Kenya treats education as a basic need by the Government and is committed to the position of equal education opportunities for all persons.
Policy solutions the government has put in place to achieve gender equality include: The Children’s’ Act provides for the rights of all children as are provided for in the Committee on the Rights of the Child (CRC) and the African Charter. Key among them include :
The inherent right to life. The Government and the family have the responsibility of ensuring the survival and development of every child.
Right to Education- Every child is entitled to free and compulsory primary education the provision of which shall be the responsibility of the Government and the parents.
Protection from the sexual exploitation – All children shall be protected from sexual exploitation, prostitution, inducement or coercion to engage in any sexual activity and exposure to pornographic materials.
Another great milestone was the enactment of the Basic Education Amendment Bill (2016) that compels the government to provide free sanitary towels to schoolgirls who have reached puberty as well as providing for sound disposal mechanisms for the same.
This is seen as a remedy to cut on the absenteeism of girls from classes due to menstruation periods. This was after the Ministry of Education released data that indicated that for 4 days in 28 days of the month, a girl loses 13 learning days or 2 weeks of learning every school term.
Further, the government’s Manifesto Pillar One: Transforming Lives that aims to transform education and training for the 21st Century by investing in children and building their future, will be keenly observed.
In as much as the President Uhuru government has committed itself to expand the free primary school programme to include free day public secondary schools in Kenya, there should be concerted efforts by all stakeholders to address the issue of content, processes and context of education must be free of gender bias, and encourage and support equality and respect.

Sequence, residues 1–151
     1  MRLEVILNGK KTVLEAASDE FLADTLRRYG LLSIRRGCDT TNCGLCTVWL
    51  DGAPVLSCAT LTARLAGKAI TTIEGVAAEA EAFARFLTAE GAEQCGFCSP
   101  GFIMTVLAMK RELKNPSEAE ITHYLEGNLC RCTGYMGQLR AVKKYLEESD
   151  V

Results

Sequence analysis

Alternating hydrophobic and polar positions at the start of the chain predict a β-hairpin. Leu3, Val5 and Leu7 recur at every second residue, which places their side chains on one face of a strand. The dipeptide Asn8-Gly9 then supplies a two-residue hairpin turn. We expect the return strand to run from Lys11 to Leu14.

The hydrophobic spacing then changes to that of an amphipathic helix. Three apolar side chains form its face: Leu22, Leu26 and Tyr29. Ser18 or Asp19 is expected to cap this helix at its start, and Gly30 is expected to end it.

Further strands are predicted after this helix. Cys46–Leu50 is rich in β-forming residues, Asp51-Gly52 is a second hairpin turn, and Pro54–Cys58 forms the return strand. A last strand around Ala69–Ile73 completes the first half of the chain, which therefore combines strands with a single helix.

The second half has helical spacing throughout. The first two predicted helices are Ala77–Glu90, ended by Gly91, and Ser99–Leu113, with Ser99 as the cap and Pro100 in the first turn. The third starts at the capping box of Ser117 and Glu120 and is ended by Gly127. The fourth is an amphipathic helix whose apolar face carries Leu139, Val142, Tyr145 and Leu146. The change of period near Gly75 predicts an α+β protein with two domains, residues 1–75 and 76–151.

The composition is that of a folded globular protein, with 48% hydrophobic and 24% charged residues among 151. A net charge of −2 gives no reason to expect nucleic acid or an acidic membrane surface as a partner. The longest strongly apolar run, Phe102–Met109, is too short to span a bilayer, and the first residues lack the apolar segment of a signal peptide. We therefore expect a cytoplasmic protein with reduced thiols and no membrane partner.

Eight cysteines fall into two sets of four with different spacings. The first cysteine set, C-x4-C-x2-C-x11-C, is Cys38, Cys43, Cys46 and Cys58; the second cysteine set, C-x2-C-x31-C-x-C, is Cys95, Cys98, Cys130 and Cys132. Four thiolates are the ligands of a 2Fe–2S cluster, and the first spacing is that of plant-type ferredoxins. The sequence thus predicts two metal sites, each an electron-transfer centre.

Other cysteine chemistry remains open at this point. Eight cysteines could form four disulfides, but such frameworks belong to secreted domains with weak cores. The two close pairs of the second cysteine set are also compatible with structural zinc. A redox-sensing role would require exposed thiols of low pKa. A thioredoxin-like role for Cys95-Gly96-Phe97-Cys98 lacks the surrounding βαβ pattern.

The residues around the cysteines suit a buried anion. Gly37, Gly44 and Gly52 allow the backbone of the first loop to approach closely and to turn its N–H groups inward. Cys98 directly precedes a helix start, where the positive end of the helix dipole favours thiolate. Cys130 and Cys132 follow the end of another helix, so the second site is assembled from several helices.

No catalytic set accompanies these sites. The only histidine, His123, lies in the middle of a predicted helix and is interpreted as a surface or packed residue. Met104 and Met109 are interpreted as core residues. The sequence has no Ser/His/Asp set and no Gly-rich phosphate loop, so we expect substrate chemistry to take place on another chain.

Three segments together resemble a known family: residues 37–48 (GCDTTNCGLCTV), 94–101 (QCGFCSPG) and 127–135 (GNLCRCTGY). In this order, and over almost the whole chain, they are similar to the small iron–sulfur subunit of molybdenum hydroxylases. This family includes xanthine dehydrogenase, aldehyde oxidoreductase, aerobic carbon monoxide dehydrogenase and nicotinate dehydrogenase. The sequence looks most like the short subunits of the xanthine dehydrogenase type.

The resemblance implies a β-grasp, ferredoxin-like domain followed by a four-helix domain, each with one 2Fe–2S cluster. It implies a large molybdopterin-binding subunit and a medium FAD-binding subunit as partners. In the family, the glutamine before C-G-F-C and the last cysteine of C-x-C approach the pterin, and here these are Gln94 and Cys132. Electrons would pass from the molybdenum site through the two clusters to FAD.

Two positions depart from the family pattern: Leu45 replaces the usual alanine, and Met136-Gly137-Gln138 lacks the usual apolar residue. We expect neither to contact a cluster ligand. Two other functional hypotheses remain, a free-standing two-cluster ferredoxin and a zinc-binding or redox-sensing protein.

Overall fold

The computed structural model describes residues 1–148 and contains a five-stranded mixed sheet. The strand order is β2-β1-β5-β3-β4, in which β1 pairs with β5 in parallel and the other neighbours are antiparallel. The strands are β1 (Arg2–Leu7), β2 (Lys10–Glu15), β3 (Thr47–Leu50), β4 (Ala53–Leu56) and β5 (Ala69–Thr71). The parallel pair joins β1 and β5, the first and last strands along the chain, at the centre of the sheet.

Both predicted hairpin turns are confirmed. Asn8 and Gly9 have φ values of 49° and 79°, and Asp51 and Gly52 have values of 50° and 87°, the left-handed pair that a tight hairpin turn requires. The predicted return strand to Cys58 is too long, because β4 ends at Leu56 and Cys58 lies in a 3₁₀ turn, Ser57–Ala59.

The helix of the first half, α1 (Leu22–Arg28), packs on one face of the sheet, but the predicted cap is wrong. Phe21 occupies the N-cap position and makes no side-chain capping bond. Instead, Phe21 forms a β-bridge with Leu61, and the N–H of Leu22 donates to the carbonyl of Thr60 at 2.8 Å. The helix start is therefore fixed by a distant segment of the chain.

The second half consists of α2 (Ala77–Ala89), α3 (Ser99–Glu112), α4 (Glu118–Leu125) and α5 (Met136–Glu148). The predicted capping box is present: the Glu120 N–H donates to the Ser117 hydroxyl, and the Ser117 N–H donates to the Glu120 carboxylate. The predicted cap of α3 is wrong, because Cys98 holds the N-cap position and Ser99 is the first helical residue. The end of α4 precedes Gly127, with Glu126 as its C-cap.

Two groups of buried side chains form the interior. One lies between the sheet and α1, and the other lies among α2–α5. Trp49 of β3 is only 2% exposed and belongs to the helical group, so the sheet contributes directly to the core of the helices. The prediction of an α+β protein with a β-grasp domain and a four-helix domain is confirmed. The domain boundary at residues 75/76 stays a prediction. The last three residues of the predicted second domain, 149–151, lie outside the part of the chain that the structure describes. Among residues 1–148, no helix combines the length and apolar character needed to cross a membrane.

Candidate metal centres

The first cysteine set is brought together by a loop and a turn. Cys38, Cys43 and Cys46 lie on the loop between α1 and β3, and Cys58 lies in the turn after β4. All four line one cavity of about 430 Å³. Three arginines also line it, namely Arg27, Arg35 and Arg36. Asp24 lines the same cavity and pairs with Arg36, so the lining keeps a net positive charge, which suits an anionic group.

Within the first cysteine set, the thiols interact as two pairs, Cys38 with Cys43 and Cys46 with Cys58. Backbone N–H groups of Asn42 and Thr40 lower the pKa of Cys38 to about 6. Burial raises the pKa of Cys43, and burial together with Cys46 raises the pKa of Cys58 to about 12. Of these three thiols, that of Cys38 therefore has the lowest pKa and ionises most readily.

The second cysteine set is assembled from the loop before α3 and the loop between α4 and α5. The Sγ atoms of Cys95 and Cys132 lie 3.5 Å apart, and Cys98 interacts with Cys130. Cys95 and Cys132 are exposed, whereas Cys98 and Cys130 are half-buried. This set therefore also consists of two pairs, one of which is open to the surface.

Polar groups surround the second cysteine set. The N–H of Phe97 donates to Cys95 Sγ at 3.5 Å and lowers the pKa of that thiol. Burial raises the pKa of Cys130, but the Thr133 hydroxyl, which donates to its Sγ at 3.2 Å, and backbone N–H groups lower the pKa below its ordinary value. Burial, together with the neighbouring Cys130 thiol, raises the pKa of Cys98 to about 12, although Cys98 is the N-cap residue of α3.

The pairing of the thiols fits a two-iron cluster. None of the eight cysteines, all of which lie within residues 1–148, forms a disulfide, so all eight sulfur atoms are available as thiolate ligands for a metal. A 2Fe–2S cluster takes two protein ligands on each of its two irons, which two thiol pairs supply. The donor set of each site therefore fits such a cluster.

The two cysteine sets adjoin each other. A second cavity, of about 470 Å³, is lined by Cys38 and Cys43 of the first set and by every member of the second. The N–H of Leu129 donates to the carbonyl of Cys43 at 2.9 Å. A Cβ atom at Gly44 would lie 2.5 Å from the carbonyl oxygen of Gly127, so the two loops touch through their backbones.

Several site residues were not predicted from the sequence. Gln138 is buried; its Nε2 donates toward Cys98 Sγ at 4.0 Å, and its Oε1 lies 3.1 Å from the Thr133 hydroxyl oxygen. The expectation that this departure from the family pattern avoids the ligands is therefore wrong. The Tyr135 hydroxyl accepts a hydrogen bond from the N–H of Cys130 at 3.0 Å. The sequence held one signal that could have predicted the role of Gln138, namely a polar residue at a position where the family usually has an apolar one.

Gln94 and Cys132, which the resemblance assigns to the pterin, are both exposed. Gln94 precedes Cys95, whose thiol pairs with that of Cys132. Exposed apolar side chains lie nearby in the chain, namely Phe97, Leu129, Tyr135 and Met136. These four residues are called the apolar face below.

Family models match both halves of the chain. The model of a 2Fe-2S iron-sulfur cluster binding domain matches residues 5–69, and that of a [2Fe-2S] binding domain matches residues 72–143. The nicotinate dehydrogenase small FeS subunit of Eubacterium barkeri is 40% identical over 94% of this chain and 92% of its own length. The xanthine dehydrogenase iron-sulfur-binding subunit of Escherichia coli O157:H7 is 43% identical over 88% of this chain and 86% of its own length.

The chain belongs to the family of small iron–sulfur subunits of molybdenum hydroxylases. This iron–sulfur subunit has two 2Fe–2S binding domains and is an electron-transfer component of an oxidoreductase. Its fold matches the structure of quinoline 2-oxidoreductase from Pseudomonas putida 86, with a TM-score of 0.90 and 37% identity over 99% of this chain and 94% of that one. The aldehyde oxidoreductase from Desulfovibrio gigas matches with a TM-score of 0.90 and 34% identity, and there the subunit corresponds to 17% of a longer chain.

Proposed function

This includes teachers’ behaviours and attitudes, curriculum and textbooks, and student interactions. Efforts must be made to ensure personal security: girls are often especially vulnerable to abuse and harassment on the journey to and from school, and at school.
According to UNESCO, tackling gender parity and equality in education requires governments and other stakeholders to integrate gender issues into all aspects of policy and planning. One key policy framework is that of gender mainstreaming.
According to the government, they will reduce inequality and leverage on knowledge and skills in the areas of science, technology and innovation to make the country’s labour force truly competitive in the global marketplace.
“In the next five years, we will work towards achieving a 100 percent transition from primary to secondary school by providing free education in all public primary and public day secondary schools. No child, irrespective of background, will drop out of school because they cannot afford tuition fees,” reads part of the Jubilee Manifesto.